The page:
Ridiculous? Sure. Potentially a bit unsavoury, politically? Yep. But was Bodyguard Episode 6 absolutely masterful telly? You bet.
Now that it’s over, there are lots of ways you can criticise BBC One’s Bodyguard. It was certainly a bit ridiculous. There were probably a few too many red herrings. Having the Muslim lady turn out to have been a terrorist all along wasn’t exactly wise, politically-speaking, seeing as Britain is as Islamophobic now as it has ever been. All of these things, and more, are true.
Here’s what is also true: Bodyguard Episode 6 was masterful television.
That’s all that counts, really. Yes, representation matters and yes, there are rules to storytelling that shouldn’t be flouted. But no, I still don’t care. And neither did the record-setting millions who tuned into Jed Mercurio’s show each week and tied themselves in knots trying to figure it all out. Nobody guessed it. Everybody was enthralled. And I, for one, am tired of not giving the general public the courtesy of assuming that they can’t distinguish between fiction and reality.
So, you won’t see me docking any points for the late reveal that Nadiya (Anjli Mohindra) was really a secretive, hate-filled Jihadi bomb-maker. The twist worked, even if it was, even for Bodyguard, a bit of a stretch. Lorraine Craddock (Pippa Haywood) being on the take worked too, as did the revelation that this was all the work of Luke Aitkens (Matt Stokoe) in an attempt to stop Julia Montague (Keeley Hawes) from passing legislation that would hamper organised crime.
While we’re on the subject, I’m thrilled that Julia didn’t come back from the dead, and that David Budd (Richard Madden) didn’t turn out to be a secret assassin. It would have been too easy and unsatisfying to go that route, and I appreciate, too, that Mercurio didn’t plant a bomb under David’s car when he and Vicky (Sophie Rundle) reconciled at the end.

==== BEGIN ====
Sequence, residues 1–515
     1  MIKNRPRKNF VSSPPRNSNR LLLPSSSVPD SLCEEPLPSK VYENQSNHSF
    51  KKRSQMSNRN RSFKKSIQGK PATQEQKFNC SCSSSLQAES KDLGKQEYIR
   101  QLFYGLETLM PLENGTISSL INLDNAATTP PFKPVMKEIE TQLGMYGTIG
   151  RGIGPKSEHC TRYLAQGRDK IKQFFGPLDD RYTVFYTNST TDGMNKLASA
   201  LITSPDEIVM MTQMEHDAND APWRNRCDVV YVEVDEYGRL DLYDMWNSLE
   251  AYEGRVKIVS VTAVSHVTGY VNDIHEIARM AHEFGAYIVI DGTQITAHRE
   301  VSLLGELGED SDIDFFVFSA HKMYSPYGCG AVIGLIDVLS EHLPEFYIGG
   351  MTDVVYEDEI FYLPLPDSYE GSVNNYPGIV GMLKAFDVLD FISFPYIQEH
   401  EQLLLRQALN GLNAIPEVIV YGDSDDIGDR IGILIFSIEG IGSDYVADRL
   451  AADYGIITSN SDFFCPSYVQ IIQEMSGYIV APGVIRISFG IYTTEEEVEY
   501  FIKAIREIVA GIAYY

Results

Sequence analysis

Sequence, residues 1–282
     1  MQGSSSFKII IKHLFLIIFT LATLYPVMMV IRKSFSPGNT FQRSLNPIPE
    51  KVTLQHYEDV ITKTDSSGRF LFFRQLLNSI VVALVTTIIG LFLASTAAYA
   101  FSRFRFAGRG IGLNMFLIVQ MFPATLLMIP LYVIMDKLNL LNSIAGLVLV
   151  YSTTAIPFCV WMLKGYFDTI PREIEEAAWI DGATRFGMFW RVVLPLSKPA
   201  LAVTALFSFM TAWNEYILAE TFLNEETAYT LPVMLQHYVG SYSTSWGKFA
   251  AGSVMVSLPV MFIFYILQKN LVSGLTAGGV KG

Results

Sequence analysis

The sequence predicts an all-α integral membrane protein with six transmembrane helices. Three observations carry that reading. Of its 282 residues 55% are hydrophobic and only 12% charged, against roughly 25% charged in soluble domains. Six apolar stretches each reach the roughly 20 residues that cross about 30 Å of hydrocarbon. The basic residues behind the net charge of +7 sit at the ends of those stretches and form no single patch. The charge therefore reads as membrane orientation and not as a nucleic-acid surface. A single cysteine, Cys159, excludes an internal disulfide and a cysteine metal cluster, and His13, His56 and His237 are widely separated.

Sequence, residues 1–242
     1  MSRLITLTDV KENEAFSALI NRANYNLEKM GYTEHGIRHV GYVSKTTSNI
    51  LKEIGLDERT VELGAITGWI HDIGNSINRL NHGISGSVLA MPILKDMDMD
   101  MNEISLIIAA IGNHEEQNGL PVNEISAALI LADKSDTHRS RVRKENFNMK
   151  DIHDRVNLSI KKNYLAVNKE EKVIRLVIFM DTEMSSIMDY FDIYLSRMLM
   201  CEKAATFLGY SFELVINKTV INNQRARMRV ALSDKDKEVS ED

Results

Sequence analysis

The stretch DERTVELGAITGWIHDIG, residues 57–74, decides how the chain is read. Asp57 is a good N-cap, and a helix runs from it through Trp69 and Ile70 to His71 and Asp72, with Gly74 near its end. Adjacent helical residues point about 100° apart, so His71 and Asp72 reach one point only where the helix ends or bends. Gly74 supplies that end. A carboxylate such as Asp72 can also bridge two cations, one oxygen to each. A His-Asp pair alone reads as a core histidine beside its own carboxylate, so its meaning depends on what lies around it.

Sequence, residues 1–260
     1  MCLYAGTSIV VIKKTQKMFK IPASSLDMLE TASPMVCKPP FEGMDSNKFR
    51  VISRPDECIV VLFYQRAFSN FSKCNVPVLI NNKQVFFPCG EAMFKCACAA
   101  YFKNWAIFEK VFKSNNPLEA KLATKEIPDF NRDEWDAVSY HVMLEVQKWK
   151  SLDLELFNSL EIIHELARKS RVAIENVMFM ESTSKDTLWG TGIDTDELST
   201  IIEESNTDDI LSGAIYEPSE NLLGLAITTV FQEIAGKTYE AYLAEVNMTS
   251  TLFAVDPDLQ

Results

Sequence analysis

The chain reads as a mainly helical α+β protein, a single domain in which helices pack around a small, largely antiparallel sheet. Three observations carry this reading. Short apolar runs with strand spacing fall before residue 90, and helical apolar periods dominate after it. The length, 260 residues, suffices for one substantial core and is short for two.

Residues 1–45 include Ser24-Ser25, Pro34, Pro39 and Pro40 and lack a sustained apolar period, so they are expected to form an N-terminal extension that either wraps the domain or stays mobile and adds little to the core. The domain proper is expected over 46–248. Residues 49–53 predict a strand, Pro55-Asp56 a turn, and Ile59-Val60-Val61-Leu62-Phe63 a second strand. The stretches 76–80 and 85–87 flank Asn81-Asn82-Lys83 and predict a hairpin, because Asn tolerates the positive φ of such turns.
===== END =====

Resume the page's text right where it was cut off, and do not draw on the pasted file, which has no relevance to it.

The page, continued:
Speaking of Vicky, whatever you might think of her phantom fella, she proved herself in Bodyguard Episode 6, and became much more than the wife of the hero. She was all of us, really, screaming at the television for the armed officers to just let him speak. Luckily she was close enough to run to his side. We all need a ride-or-die wife like her.
And we need a mate like DCI Deepak Sharma (Ash Tandon), even if he spent so long being David’s self-proclaimed nemesis that his sudden turnaround felt a bit convenient. Then again a lot felt convenient about Bodyguard Episode 6, including David’s slick plot to ensnare Longcross (Michael Shaeffer). But what can you do? A lot of the episode also felt ground-breaking, such as when the stoic, suffering hero visited occupational health, confessed he needed help, and broke down in tears. You have to take the rough with the smooth.
So much of Bodyguard was smooth, though, that you can’t help but marvel at the finished product. It has been quite some time since I was so entranced with British telly and longer still since I saw the whole country so united on social media. Only rarely does the internet feel like one big living room. If nothing else, that’s what Bodyguard, for all its flaws, was able to achieve. But, let’s be frank, it was also f*****g excellent. Bravo, Jed Mercurio. Do give me a year or so to recuperate before you make anything else.